Thanksgiving in New York

In 1789, President George Washington in New York City issued the first Thanksgiving Proclamation by the national government. In it, he called upon Americans to express their gratitude for the happy conclusion to the country’s War of Independence and the successful ratification of the U.S. Constitution.

Washington noted that the day should be one of prayer and giving thanks to God. It was a day to be celebrated by all the religious denominations. It was to be celebrated “as a day of public thanksgiving and prayer to be observed by acknowledging with grateful hearts the many and signal favours of Almighty God.” Listen to the full proclamation:

A special creative vision in Lower Manhattan features George Washington in prayer, a work that highlights the profound spirituality of America’s first President:

Bronze relief sculpture installed at Federal Hall in Lower Manhattan showing George Washington in prayer.

Today, the Macy’s Thanksgiving Day Parade in Manhattan is the cultural focus for the Thanksgiving Celebration in the United States.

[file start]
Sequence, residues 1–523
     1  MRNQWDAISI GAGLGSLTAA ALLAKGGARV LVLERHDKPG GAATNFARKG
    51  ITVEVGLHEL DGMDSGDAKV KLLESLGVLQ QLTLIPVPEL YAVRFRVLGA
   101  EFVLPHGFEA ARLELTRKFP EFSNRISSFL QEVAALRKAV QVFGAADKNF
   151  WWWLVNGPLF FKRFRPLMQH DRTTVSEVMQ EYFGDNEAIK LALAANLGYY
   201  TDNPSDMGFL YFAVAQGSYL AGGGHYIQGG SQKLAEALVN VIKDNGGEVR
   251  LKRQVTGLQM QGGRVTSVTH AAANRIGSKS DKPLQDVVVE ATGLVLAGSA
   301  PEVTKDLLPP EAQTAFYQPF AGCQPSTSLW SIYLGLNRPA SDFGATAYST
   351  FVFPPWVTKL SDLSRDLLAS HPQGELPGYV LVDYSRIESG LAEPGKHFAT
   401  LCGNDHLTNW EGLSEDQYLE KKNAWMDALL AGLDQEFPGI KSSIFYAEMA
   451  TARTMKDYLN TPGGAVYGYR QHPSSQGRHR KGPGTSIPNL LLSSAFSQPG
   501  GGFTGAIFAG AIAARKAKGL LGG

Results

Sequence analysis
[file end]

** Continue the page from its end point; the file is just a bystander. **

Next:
In 2019, over 3.5 million people experienced the 93rd Macy’s Thanksgiving Day Parade in Manhattan’s Midtown and Upper West Side. This year, the 94th celebration will only be televised with over 50 million tuning in to watch from the comfort and safety of their homes. Learn more about it here.

Macy’s Thanksgiving Day Parade float “Tom Turkey.” This is the lead float and traditionally goes down the parade route with its wings flapping, eyes rolling and head bobbing accompanied by dancing showgirls and cheerleaders.

Through George Washington and the cultural displays of today’s celebration, we can creatively visualize a world marked by abundance and full of possibilities. Always thankful for the never-ending creative character manifested in New York!

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